This negotiation was challenged by the late hour — ISA meetings rarely go past the early afternoon on the final day, and many delegates planned their travel home based on that convention — as well as a major organizational failure: the contract with Interprefy, the interpretation service used throughout the conference, expired at six, and real-time interpretation was no longer available.
During the extended discussion, several delegations noted that without interpretation, they were not sure what exactly they were voting on, with France intervening after the vote to request a prompt translation of the documents so that they could see what they had just agreed upon.
“Fundamentally, [this debate] shows how powerful the LTC is in practice, that it really matters who is on it.” says Duncan Currie of the Deep-sea Conservation Coalition. “The progress they didn’t make is pretty incredible. To my mind it’s very much a north/south issue, and won’t be resolved any time soon – and also shows how unfit for purposes the ISA is.”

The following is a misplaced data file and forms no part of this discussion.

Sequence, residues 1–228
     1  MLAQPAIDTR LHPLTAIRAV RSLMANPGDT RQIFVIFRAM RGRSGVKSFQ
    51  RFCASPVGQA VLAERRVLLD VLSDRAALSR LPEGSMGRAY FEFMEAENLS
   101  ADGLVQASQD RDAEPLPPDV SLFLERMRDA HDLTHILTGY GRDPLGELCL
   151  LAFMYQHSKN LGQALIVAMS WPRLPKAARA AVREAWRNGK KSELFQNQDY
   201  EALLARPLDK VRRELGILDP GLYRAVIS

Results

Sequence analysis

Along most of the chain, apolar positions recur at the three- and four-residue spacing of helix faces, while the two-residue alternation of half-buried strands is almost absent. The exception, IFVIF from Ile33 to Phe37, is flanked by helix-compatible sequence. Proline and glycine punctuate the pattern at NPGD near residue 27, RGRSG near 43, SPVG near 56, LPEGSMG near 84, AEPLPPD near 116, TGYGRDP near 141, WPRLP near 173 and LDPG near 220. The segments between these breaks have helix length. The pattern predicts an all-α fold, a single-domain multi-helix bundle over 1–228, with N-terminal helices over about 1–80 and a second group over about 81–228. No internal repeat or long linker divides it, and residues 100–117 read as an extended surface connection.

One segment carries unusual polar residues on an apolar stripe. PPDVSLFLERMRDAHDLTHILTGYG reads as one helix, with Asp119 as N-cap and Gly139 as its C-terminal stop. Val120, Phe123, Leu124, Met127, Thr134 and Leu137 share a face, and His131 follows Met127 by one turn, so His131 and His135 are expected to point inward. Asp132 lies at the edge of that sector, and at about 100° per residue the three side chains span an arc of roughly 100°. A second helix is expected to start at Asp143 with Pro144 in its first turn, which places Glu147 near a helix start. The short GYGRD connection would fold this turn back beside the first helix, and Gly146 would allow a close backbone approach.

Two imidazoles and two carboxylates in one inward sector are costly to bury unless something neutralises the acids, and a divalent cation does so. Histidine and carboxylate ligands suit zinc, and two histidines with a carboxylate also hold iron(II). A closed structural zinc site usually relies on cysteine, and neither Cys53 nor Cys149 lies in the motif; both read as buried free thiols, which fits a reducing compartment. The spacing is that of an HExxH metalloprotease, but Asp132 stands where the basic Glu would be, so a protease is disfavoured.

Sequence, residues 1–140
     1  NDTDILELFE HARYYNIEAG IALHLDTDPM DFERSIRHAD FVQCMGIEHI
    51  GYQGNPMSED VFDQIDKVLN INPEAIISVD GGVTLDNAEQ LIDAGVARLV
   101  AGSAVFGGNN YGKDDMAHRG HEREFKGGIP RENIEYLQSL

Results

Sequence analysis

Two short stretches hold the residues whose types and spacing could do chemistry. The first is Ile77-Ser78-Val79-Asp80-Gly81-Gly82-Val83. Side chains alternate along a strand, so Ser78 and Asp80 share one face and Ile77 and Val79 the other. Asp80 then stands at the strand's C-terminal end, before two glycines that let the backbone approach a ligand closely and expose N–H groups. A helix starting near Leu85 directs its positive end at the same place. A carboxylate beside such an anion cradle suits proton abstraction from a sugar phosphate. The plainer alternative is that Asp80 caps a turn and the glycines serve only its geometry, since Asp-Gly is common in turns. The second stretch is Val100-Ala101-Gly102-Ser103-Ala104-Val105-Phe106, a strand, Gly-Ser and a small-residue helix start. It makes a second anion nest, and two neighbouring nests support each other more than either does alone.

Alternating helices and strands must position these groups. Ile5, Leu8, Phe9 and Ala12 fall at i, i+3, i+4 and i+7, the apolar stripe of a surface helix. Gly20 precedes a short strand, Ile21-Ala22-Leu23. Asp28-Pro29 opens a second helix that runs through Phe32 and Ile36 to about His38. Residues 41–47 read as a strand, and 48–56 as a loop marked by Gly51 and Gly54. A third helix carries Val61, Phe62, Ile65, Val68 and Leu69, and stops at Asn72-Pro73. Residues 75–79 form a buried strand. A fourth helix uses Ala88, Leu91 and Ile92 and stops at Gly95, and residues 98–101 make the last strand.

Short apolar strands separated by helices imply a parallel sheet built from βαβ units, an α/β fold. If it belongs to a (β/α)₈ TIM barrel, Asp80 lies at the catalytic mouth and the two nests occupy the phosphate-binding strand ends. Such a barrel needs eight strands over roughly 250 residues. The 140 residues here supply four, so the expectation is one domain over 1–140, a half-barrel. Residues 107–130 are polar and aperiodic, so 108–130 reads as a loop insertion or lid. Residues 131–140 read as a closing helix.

The final decision on the LTC election mechanism was ultimately pushed back to the next ISA session, with an interim group working on recommendations for what that mechanism will look like, as well as a timeline and a mechanism to extend that timeline.
While the outcome of this after-hours discussion was likely not altered by the absence of translation services, the symbolism of only allowing English speakers to participate in a discussion on how to improve geographic representation on the LTC was not lost on those in attendance.
We reached out to many stakeholders from member states, observer groups, and the secretariat, but due to the highly political nature of ISA deliberations, many were not in a position to provide a comment to the Deep-sea Mining Observer.
Featured Image: Delegates at the 25th Session of the International Seabed Authority. Photo by author.